Whether you think "gangsta" or "Gelaendewagen" when you hear the letter "G, " the Mercedes-Benz G Class probably fits your visual definition. It's boxy, brash, blingy, so out of date it's hopelessly hip. It's an Instagram version of the past, like playing Atari 2600 games on an iPad.
Best of all, the G Class is authentically an SUV-not a curvy crossover, not a control freak that strips the fun of challenging off-roading out of your hands. Based on a design said to have been built for the Shah of Iran's military, back in the late 1970s, the G-Class has evolved only when it had to, meeting safety and emissions regulations and the luxury needs of the day as they popped up in its more than 33 years on sale. It's an automotive piece of amber jewelry, preserved in one form, recast as a pretty bauble for another purpose entirely.
It's one of the most capable sport-utes on the planet-and one of the most expensive. With a base price of more than $100, 000, the G Class is a cult object and a celebrity magnet, with its only real competition being the Land Rover Range Rover or, possibly, the Toyota Land Cruiser and Lexus LX 570 twins. Even in that very small competitive set, it stands out in sharp relief. The sides are flat, the roofline high and horizontal, the outline relentlessly rectilinear. It's been softened inside, though, with a new set of gauges this year, a big LCD screen for infotainment features, and through the years, layer upon layer of leather, wood, and chrome to disguise its origins.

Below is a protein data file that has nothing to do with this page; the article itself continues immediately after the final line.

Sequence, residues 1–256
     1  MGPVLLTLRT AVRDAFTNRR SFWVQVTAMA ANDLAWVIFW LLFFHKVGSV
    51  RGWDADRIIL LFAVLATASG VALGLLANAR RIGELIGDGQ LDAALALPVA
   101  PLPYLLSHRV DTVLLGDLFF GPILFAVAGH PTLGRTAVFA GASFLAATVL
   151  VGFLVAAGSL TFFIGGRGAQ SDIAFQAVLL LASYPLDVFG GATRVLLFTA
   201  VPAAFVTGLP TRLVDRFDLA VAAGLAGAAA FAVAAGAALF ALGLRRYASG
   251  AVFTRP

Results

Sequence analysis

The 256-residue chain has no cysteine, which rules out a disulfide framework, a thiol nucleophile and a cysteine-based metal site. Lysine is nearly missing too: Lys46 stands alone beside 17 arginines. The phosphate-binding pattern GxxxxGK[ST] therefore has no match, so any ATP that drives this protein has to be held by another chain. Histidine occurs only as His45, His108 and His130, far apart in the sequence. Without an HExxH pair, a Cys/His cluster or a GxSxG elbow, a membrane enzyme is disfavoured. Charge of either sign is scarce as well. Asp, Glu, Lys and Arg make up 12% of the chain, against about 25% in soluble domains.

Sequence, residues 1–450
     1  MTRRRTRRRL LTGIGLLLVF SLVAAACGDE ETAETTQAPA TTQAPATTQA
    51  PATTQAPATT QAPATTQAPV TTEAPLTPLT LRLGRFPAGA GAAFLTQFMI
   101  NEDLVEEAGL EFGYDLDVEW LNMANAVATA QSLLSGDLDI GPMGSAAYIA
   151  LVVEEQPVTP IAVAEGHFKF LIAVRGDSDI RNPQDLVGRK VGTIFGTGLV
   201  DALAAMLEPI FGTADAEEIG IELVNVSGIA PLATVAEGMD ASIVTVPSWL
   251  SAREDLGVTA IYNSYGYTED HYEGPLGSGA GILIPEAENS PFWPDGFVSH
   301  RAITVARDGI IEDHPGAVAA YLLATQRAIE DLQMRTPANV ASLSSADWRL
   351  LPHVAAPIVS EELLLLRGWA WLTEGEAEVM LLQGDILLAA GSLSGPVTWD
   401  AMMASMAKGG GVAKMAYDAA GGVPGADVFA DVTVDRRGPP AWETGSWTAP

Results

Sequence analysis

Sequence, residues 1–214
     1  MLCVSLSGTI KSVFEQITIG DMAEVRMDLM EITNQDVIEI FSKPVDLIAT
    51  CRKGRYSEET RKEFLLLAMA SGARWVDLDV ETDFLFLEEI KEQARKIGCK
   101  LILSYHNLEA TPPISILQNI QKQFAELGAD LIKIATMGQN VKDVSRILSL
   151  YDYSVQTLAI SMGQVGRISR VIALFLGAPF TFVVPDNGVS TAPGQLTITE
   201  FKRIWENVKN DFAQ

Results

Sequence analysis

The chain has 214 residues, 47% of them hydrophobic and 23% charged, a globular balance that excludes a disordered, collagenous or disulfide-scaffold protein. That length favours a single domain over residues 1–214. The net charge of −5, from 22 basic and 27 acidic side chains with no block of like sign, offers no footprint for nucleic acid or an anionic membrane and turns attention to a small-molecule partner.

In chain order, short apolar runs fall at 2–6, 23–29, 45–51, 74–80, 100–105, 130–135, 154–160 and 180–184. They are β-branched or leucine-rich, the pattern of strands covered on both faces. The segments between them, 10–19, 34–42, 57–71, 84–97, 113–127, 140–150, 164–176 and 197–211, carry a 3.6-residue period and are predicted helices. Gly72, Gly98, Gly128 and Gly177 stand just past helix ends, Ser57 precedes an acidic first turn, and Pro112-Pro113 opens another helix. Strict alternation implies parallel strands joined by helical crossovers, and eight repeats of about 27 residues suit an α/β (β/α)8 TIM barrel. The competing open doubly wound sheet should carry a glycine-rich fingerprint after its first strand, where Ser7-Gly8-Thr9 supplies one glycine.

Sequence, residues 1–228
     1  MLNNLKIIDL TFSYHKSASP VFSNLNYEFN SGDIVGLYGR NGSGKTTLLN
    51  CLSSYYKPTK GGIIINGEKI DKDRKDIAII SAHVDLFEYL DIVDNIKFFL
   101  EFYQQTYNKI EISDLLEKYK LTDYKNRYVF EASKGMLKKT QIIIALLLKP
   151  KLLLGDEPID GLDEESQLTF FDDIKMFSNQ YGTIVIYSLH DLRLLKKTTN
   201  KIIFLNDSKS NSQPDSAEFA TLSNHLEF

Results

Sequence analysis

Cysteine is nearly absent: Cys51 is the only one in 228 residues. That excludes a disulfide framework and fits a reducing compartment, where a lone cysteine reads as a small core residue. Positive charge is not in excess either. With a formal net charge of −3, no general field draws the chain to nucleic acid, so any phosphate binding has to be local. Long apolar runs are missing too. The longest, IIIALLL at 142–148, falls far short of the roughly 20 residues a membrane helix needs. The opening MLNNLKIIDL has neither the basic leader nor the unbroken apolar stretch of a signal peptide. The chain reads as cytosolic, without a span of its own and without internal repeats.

The 2013 G Class is carried over in base form as the G550, powered by a 5.5-liter V-8 with 388 horsepower, coupled to a seven-speed automatic, with power channeled through its four-wheel-drive system, low and high ranges, and three locking differentials. The twin-turbocharged version of the same V-8 nets out at 544 hp in the G63 AMG, shaving almost a second from the G550's 0-60 mph time of 6.0 seconds-down to 5.3 seconds-though they share a limited top speed of 130 mph and abysmal gas mileage of 12/15 mpg, and possibly less.On-road performance is about what you'd think. The top-heavy feel and hefty controls demand attention, though electric steering feels lighter than the former recirculating-ball setup. Astonishing ultimate grip gets tempered often by aggressive traction and stability control-and it has to, to manage the G's plentiful body roll. Ride quality's managed well enough for such a rugged ute, though noise levels climb on textured pavement and gravel paths. The G's appeal is all about the latter, and once it's off any kind of graded path, it shines. Locking any or all of the differentials exposes the real SUV underneath the layers of refinement, and it just keeps clawing its way over rocky paths and plugging through muddy bogs, places where you'll only find Defenders and other endangered species.